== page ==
Warning: include_once(/home/antonaylward/InfoSecBlog/public/wp-content/plugins/wordpress-support/wordpress-support.php): failed to open stream: Permission denied in /home/antonaylward/InfoSecBlog/public/wp-settings.php on line 304

Warning: include_once(): Failed opening '/home/antonaylward/InfoSecBlog/public/wp-content/plugins/wordpress-support/wordpress-support.php' for inclusion (include_path='.:/usr/local/lib/php:/usr/local/php5/lib/pear') in /home/antonaylward/InfoSecBlog/public/wp-settings.php on line 304
China « The InfoSec Blog
The InfoSec Blog

Canada’s counter terrorism strategy

Posted by Anton Aylward

https://www.publicsafety.gc.ca/cnt/rsrcs/pblctns/trrrst-thrt-cnd/index-eng.aspx

Here in Kanukistaniland, Vic Toews (remember him? Check back to February of last year to see an example of him being idiotic in his role as Minister of Pubic Safety) has published a "2013 Public Report on the Terrorist Threat to Canada"

You can read it at the above URL.
I ask you, would you buy a used Huawei router from someone who looks like that?

The map/infographic has, you will note, a large number of grey areas. There is no legend referring to that colour. Are we to take it that grey means 'zero'? In which case having Indonesia grey is very interesting. Of course China is grey, the authorities will not permit any terrorist activity since that would mean people are acting out grievances against the state. As opposed to, say, foreign cartels that are employing under-age workers, which is against Chinese law.

Do note that in Canada terrorist activity or affiliation is an offence under the CRIMINAL code. Unlike many InfoSec-bad-things.

 

An “11th Domain” book.

Posted by Anton Aylward

http://www.infosectoday.com/Articles/Persuasive_Security_Awareness_Program.htm

Gary Hinson makes the point here that Rebecca Herrold makes elsewhere:   Rebecca Herold
Awareness training is important.

I go slightly further and think that a key part of a security practitioners professional knowledge should be about human psychology and sociology, how behaviour is influenced. I believe we need to know this from two aspects:

First, we need to understand how our principals are influenced by non-technical and non-business matters, the behavioural persuasive techniques used on them (and us) by vendor salesmen and the media. many workers complain that their managers, their executives seem t go off at a tangent, ignore "the facts". We speak of decisions drive by articles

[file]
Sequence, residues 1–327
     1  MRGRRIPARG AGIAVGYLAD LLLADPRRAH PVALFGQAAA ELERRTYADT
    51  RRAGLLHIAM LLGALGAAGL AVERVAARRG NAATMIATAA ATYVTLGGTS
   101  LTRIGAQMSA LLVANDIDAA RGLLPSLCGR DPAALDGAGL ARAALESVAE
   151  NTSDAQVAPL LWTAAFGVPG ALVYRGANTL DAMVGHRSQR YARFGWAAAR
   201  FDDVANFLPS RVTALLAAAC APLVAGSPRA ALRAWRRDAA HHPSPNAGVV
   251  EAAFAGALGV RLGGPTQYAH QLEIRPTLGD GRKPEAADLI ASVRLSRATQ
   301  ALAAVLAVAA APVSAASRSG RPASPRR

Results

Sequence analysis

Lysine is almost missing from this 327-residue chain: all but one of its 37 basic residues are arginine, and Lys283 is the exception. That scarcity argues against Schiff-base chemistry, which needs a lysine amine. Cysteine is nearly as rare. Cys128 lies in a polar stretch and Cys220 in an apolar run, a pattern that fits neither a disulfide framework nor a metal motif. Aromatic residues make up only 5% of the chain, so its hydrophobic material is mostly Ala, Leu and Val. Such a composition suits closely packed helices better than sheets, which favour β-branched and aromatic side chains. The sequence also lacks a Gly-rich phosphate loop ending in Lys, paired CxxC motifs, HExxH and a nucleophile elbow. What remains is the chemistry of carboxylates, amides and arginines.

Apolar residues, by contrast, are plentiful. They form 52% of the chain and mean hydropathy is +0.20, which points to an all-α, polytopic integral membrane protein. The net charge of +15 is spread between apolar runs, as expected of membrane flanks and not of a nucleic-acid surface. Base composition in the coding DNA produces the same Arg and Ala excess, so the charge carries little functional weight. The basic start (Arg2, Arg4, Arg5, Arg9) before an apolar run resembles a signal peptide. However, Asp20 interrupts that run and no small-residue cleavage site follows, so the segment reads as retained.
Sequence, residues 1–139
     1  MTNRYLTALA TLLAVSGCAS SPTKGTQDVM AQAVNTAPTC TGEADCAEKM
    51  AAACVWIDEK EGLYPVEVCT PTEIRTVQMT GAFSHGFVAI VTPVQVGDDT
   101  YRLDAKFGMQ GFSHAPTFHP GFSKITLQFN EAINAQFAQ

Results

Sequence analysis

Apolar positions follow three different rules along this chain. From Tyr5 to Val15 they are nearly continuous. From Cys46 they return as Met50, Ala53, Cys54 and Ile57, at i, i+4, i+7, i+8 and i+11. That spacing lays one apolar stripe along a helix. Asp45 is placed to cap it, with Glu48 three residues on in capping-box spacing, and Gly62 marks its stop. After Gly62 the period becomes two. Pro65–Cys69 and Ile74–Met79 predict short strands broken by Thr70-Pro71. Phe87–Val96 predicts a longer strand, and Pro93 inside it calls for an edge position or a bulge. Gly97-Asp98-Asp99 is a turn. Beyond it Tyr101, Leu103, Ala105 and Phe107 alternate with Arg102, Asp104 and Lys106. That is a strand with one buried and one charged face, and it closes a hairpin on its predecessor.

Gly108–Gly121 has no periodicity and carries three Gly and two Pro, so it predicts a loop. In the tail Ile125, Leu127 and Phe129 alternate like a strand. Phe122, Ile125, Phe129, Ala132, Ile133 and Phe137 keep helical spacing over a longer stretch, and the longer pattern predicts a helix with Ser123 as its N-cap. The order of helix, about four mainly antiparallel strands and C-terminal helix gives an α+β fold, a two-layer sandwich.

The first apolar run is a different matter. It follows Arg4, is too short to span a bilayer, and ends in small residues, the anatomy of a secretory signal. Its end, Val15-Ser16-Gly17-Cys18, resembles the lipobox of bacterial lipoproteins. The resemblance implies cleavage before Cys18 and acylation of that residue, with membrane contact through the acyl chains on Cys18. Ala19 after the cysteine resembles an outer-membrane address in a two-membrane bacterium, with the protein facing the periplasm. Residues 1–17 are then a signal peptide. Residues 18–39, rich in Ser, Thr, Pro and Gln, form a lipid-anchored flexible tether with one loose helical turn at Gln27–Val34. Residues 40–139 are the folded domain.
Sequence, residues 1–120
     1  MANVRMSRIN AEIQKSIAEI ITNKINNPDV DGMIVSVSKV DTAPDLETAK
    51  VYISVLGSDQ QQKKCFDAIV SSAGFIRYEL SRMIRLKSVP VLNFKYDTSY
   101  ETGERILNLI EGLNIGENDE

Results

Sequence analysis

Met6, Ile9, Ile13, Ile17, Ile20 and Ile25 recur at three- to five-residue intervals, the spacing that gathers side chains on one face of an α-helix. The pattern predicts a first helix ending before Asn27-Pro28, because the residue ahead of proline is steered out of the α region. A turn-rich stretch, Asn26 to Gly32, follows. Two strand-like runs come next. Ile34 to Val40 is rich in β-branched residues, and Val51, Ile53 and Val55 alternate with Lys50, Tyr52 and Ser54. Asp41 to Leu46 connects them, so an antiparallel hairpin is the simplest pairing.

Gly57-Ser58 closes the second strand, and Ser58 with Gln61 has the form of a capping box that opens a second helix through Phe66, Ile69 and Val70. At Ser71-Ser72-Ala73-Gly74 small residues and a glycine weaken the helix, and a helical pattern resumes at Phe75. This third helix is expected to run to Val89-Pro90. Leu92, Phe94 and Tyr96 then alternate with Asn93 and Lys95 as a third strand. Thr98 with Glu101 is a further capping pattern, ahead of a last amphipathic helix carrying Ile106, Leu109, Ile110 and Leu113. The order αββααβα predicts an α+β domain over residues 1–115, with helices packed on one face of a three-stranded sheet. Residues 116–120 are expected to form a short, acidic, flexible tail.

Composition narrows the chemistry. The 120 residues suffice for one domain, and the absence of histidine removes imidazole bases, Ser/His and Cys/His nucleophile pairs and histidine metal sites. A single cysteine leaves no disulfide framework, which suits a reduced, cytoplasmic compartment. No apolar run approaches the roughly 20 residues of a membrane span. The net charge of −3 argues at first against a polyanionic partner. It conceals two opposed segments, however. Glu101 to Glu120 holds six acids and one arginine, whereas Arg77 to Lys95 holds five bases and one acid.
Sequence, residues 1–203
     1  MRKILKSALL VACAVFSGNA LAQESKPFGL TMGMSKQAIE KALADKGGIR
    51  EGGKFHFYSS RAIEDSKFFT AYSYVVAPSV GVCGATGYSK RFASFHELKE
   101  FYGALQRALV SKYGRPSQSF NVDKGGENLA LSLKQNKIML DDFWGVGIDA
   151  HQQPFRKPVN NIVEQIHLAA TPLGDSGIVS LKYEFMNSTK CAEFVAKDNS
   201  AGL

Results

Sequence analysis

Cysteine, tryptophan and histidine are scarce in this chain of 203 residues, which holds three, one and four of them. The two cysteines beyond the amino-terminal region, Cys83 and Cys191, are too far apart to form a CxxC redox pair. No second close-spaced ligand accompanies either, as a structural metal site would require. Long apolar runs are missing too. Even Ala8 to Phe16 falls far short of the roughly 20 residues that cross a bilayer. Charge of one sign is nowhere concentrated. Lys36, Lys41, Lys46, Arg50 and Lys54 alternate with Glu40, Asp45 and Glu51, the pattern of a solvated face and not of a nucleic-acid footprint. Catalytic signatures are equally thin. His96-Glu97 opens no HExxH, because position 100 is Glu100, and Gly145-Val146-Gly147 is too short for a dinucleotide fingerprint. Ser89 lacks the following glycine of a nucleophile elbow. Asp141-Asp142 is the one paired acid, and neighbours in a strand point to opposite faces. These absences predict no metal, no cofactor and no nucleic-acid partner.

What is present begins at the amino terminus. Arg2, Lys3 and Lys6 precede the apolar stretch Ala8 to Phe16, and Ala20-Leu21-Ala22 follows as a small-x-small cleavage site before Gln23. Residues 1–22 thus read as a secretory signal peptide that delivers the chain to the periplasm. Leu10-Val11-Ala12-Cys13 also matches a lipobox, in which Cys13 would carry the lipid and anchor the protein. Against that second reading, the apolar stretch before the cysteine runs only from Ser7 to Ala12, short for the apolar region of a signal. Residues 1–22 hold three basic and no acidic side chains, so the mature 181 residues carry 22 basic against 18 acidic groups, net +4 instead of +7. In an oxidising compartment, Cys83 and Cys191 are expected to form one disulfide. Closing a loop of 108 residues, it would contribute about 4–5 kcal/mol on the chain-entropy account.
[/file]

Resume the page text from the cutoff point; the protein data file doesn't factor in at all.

in "glossy airline magazines" and by often distorted cultural myths.  "What Would the Captain Do?", or Hans Solo or Rambo might figure more than "What Would Warren Buffett Do" or "What Does Peter Drucker Say About A Situation Like This?". We can only be thankful that most of the time most managers and executive are more rational than this, but even so ...

An OP-ED by Richard Clarke on China

Posted by Anton Aylward

http://www.nytimes.com/2012/04/03/opinion/how-china-steals-our-secrets.html

This is better written than most 'chicken little' pieces, but please can we have 'history' of how most nations, including the USA, have engages in 'industrial espionage'.

I recall a presentation by CSIS that was making the point that Canada's greatest threat on the Industrial Espionage scene was France, and France had been practising Industrial Espionage against the "English Speaking World" for centuries. And he had evidence to back that up from at lest Napoleonic times.

But then don't forget that the "English Speaking World" stole such secrets from China as "Tea":

For centuries, the secret of growing tea was one of China's
most closely-guarded treasures. Along with silk, tea was an
extremely valuable agricultural commodity, prized as a luxury
item across Asia and into Europe.

In the mid-19th century, however, Briton Robert Fortune
dressed as a Chinese man (complete with queue) and set out
to discover the secret of tea-growing. He located the bushes
that produce tea, and stole seedlings that he transported to
British India. China's tea monopoly was broken.

Robert Fortune (1812-1880)

Robert Fortune (1812-1880) (Photo credit: Wikipedia)

Fortune's explorations are detailed in a new book, For All
the Tea in China
, by Sarah Rose. She frames this not
simply as a tale of Victorian exploration, but as early
industrial espionage - which, of course, it was.

I'm not saying this justifies anything, any more that the Opium trade or forcing products from the Industrialized West onto Asian markets, also part of or common historic context, justifies any reprisals.

I'm just saying Context is Everything and if you ignore history (especially when dealing with people for whom history is an important context) then you are setting yourself up for a sea of troubles.

Enhanced by Zemanta